Differentiate the following function

$\displaystyle \frac{5x^2+7x+6}{\sqrt{x}}$

= $\displaystyle \frac{10x+7+0}{x^\frac{1}{2}} $

= $\displaystyle (x^\frac{-1}{2})(10x+7)$

= $\displaystyle 10x^\frac{1}{2}+7x^\frac{-1}{2}$

where am i going wrong?

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- Sep 29th 2008, 01:24 PMsilencecloakDerivative with short cut
Differentiate the following function

$\displaystyle \frac{5x^2+7x+6}{\sqrt{x}}$

= $\displaystyle \frac{10x+7+0}{x^\frac{1}{2}} $

= $\displaystyle (x^\frac{-1}{2})(10x+7)$

= $\displaystyle 10x^\frac{1}{2}+7x^\frac{-1}{2}$

where am i going wrong? - Sep 29th 2008, 01:27 PMThePerfectHacker
$\displaystyle \frac{5x^2 + 7x + 6}{x^{1/2}} = 5x^{3/2} + 7x^{1/2} + 6x^{-1/2}$

Now take the derivative.

You__cannot__just take the derivative of numerator and leave the denominator. And you__cannot__just take the derivative of numerator and denominator at the same time. You need to use the quotient rule, if you learned that. But the best is that do what I did.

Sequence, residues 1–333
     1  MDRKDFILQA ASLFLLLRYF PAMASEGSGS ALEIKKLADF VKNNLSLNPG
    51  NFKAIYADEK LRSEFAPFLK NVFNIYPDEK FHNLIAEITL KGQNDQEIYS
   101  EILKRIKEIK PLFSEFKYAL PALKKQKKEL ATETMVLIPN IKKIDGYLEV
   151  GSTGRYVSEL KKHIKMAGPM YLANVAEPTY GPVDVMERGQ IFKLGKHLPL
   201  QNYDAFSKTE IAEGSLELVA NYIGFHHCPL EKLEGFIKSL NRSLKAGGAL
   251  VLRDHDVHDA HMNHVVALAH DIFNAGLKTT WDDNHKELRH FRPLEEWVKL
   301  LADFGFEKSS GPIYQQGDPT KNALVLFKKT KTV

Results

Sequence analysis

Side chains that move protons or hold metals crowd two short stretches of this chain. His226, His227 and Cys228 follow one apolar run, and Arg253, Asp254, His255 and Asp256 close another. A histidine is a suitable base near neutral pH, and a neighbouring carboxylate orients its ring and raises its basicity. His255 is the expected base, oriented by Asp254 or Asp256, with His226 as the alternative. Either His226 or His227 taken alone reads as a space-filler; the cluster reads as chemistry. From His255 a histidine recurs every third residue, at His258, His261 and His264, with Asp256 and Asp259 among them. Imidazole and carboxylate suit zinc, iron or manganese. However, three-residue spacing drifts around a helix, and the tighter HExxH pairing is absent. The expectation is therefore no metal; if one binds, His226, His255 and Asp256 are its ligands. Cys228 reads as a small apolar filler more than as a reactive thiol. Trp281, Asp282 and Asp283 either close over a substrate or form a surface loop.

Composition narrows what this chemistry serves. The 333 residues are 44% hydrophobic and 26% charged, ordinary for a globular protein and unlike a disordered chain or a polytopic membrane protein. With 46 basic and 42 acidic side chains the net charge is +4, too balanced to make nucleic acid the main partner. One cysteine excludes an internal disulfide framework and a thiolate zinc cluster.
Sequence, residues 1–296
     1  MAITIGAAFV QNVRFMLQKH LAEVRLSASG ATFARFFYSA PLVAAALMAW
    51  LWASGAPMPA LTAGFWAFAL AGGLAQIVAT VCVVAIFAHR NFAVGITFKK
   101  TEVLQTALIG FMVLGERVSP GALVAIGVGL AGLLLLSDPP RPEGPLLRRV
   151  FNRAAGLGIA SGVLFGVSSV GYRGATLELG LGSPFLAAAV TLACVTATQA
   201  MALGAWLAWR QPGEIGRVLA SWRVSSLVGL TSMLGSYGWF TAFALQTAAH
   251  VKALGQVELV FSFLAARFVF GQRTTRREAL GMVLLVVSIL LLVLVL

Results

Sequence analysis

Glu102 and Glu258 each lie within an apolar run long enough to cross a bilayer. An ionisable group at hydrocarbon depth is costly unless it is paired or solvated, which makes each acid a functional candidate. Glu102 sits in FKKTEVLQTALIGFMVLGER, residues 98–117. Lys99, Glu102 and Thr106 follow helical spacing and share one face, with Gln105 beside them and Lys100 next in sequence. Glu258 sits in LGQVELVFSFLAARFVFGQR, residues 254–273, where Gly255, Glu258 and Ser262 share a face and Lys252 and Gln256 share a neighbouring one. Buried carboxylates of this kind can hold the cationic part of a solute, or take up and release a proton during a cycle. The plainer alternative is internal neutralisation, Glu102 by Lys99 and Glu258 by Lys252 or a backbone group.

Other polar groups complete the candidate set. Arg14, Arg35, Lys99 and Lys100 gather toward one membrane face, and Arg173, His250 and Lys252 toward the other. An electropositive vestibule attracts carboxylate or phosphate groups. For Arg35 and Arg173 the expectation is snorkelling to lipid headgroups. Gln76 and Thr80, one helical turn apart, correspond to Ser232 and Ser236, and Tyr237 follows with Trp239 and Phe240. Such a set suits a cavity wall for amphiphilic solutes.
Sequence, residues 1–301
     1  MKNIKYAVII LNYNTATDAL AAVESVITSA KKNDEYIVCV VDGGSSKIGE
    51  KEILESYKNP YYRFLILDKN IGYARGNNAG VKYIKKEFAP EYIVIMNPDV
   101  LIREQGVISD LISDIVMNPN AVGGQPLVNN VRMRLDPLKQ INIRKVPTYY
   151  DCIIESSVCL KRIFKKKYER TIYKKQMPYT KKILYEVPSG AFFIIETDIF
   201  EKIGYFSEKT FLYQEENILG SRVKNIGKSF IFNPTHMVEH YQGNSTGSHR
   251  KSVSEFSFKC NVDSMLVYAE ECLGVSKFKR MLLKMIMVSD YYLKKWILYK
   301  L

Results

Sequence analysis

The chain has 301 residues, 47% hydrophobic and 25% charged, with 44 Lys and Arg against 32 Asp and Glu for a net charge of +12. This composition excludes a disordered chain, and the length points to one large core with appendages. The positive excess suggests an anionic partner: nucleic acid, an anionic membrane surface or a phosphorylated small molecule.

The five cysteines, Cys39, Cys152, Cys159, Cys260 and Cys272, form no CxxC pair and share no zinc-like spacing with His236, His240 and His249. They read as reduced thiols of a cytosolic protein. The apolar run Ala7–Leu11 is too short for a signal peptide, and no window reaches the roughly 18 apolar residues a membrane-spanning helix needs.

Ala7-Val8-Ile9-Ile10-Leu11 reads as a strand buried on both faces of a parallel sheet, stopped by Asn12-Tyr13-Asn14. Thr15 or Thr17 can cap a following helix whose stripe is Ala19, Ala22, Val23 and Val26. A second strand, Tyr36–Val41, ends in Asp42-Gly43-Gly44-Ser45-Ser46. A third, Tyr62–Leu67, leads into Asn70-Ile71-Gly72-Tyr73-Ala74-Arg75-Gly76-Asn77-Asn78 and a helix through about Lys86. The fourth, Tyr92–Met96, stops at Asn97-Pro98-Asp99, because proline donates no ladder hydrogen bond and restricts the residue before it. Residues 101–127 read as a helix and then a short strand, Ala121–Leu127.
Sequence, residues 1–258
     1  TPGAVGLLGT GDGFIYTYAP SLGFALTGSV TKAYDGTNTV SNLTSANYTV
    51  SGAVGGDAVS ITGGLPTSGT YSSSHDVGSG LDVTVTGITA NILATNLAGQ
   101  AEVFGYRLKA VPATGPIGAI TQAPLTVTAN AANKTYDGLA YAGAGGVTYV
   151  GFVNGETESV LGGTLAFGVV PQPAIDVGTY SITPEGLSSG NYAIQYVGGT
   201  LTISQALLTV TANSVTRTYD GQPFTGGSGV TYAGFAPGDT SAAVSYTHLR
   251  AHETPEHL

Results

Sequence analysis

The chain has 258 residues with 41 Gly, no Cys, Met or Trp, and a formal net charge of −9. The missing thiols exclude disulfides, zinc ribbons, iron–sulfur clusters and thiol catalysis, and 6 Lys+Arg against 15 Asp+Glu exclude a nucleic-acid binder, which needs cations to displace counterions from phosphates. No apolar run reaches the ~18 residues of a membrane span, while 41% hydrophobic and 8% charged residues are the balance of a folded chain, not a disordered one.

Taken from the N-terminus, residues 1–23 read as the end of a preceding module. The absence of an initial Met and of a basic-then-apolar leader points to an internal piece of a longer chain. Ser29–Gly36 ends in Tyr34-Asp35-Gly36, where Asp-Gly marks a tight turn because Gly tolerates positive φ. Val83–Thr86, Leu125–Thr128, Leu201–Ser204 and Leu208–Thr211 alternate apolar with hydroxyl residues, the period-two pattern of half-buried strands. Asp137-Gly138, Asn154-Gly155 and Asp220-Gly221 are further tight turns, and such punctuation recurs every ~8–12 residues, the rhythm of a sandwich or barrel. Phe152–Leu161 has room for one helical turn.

This is Mine 1:)7:):)th Post!!! - Sep 29th 2008, 01:37 PMsilencecloak
so i end up with

$\displaystyle

\frac{15}{2}x^\frac{1}{2} + \frac{7}{2}x^\frac{-1}{2}-\frac{6}{2}x^\frac{-3}{2}$ - Sep 29th 2008, 01:45 PMsilencecloak
still wrong :/

- Sep 29th 2008, 02:11 PMskeeter
- Sep 29th 2008, 02:12 PMsilencecloak